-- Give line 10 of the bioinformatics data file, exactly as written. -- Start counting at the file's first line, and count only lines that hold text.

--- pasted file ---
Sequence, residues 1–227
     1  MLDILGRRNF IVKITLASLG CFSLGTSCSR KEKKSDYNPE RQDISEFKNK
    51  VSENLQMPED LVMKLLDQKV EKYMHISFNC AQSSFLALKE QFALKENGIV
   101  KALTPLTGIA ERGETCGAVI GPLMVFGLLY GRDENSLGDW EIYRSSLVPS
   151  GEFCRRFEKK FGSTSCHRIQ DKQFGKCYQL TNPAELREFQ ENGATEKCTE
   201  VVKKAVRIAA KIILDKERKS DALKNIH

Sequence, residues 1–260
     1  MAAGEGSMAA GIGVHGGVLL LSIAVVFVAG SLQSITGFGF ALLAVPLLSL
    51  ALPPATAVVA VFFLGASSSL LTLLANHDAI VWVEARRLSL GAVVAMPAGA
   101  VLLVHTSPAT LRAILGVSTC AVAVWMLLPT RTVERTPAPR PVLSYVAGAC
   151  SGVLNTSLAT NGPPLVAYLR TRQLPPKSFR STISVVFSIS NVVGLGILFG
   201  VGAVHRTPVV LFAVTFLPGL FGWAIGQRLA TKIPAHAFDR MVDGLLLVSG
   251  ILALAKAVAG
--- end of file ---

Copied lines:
   101  VLLVHTSPAT LRAILGVSTC AVAVWMLLPT RTVERTPAPR PVLSYVAGAC